EUCOOKIELAW_BANNER_TITLE

Jun 012020
 

CLICK HERE TO SEARCH FOR SIMILAR OFFERS

•Minimum of 15 years demonstrable experience with minimum 10 years in all aspects of supervision, Control & Instrumentation System design ,PLC, Automation, commissioning of control automation and SCADA of similar size sewage projects in the Construction and refurbishment of sewerage Pumping Stations, or Projects of similar nature for sewerage treatment works or equivalent construction projects.

•Must be able to review and supervise a board range of Electronic designs ,refurbishment & upgrading and construction activities on a variety of infrastructure projects including all Electronic and instrumentation system , solving the technical site problems that may arise during Material submission and during construction.

•Should be able to review all possible interface with Mechanical and Electrical arrangements.

•Should be familiar with the latest SCADA interface with PWA and regulations.

•Should be able to sort out design conflicts review and to recommend the Proper solutions.

•Bachelor’s Degree in Control and Instrumentation , Electronic Engineering Electronic and
Instrumentation or equivalent from an accredited University to the approval of the Engineer.

•UPDA Grade A

Job Details

Posted Date: 2020-05-28
Job Location: Doha, Qatar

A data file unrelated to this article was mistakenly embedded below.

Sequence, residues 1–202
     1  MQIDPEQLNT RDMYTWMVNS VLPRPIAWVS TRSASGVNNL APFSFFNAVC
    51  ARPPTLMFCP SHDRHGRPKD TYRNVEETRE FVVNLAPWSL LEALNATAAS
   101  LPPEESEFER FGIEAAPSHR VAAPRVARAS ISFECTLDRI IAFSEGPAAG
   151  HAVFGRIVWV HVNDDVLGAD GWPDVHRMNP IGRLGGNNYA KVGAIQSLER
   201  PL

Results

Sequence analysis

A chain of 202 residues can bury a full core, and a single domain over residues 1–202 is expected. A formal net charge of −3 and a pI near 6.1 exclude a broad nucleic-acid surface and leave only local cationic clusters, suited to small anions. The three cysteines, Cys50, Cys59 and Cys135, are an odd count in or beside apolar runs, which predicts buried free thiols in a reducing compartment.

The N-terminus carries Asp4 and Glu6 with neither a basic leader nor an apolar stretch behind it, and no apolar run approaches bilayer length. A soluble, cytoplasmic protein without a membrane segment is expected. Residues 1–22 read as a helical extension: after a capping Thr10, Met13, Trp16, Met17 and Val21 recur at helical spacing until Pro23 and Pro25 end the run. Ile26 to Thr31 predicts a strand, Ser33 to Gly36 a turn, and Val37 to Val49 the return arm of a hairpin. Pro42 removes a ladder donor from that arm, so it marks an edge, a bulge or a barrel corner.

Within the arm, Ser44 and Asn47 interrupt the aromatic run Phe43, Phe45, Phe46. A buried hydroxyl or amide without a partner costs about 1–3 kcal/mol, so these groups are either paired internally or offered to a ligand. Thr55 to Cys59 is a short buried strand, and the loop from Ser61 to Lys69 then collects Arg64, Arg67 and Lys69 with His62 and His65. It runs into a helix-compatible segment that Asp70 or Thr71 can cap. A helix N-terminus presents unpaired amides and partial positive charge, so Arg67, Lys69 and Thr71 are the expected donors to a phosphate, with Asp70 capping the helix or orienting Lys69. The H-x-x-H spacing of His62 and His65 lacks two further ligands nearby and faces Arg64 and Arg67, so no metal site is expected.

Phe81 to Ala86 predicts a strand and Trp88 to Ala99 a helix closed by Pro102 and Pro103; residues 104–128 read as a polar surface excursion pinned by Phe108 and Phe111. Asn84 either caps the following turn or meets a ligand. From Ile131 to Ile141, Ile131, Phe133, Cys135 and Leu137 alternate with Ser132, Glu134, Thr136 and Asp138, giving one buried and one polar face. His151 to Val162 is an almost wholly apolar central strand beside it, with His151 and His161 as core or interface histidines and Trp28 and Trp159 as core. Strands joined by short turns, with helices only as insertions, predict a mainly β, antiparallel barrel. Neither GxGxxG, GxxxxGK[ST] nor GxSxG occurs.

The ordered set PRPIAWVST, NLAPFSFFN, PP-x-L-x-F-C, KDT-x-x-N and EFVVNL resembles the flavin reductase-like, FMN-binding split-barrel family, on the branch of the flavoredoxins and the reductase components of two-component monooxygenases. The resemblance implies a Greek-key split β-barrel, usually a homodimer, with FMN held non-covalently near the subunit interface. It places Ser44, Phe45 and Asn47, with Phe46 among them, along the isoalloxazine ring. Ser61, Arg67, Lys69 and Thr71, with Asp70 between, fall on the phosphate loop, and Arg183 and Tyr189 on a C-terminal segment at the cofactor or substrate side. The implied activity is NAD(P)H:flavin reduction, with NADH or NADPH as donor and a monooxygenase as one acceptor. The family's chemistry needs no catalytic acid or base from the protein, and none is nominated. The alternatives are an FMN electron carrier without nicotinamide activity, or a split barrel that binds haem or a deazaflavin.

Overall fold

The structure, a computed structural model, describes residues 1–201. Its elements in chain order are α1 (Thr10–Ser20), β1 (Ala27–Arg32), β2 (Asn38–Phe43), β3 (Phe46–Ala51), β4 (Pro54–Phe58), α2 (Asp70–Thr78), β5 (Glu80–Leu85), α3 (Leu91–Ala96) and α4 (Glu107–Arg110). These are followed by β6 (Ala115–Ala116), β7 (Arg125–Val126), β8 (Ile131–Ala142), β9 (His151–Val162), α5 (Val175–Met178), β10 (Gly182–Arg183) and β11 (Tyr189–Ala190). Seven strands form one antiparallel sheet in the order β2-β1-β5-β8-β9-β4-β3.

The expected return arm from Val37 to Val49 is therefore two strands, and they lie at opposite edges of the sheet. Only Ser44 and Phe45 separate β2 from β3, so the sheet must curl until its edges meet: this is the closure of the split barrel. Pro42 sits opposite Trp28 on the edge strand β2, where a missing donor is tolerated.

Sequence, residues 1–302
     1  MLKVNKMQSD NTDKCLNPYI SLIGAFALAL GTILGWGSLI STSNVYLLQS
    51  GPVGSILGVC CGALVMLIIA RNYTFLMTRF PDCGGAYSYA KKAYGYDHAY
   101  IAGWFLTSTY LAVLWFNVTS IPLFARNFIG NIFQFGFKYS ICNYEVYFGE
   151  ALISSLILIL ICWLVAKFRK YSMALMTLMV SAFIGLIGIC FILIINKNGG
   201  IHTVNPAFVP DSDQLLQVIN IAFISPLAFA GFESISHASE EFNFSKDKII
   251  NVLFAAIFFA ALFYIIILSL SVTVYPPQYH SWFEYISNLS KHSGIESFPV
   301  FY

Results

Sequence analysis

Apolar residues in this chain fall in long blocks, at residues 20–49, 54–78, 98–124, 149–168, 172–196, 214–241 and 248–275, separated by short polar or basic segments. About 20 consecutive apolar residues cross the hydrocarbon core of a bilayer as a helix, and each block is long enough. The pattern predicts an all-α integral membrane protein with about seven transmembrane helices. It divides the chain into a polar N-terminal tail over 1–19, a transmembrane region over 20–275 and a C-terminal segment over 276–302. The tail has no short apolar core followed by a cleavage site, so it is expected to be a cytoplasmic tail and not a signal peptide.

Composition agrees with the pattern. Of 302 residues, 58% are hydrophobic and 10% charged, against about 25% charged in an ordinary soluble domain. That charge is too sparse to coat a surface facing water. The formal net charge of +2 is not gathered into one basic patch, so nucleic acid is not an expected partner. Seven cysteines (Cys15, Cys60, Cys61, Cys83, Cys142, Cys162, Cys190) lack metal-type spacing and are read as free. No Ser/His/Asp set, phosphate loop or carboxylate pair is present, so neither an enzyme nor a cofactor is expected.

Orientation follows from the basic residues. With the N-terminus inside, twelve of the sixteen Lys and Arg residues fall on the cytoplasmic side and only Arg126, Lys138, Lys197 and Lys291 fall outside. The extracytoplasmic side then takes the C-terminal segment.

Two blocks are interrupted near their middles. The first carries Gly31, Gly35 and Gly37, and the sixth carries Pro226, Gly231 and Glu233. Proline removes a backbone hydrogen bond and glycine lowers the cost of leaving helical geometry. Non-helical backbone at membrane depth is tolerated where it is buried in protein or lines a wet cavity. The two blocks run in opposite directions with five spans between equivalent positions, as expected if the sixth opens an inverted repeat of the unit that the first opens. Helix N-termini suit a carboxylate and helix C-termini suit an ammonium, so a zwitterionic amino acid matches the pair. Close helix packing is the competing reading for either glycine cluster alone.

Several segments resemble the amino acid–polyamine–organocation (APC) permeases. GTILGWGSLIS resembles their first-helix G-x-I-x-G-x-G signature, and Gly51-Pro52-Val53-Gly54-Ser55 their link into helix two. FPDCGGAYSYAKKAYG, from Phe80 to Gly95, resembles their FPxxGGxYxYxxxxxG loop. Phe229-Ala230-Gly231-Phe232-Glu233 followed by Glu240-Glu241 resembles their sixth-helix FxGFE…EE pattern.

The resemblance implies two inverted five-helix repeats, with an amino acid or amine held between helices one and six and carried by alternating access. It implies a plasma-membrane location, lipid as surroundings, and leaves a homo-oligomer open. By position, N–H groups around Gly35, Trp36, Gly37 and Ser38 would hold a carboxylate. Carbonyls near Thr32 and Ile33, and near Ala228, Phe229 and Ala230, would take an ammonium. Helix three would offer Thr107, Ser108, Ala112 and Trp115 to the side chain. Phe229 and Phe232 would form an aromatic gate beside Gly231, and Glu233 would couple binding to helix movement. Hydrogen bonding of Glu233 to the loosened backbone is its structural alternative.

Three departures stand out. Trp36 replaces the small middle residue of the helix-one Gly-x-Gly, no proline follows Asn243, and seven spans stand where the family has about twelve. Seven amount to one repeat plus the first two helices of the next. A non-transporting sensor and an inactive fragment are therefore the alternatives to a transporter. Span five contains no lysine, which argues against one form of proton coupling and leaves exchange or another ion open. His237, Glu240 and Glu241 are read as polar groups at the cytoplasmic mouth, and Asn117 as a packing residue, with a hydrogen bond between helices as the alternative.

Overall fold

Job Role: Engineering
Company Industry: Business Support Services

Preferred Candidate

Career Level: Management
Degree: Bachelor’s degree

click here for more details and apply

SIMILAR JOBS ( NEWEST )

JOB INTERVIEW
Tipical Questions
“Why are you leaving your current job?” Hiring managers want to know your motivation for wanting to leave your current job. Are you an opportunist just looking for more money or are you looking for a job that you hope will turn into a career? If you’re leaving because you don’t like your boss, don’t talk negatively about your boss–just say you have different work philosophies, Teach says. If the work was boring to you, just mention that you’re looking for a more challenging position. “Discuss the positives that came out of your most recent job and focus on why you think this new position is ideal for you and why you’ll be a great fit for their company.” If you’ve already left your previous job (or you were fired), Sutton Fell suggests the following: If you got fired: Do not trash your last boss or company. Tell them that you were unfortunately let go, that you understand their reasoning and you’ve recognized areas that you need to improve in, and then tell them how you will be a better employee because of it. If you got laid off: Again, do not trash your last boss or company. Tell them that you were let go, and that you understand the circumstances behind their decision; that you are committed to your future and not dwelling on the past; and that you are ready to apply everything that you learned in your last role to a new company. If you quit: Do not go into details about your unhappiness or dissatisfaction. Instead, tell them that while you valued the experience and education that you received, you felt that the time had come to seek out a new opportunity, to expand your skills and knowledge, and to find a company with which you could grow.
Questions to ask
What is the next step in the process? This is the essential last question and one you should definitely ask. It shows that you’re interested in moving along in the process and invites the interviewer to tell you how many people are in the running for the position.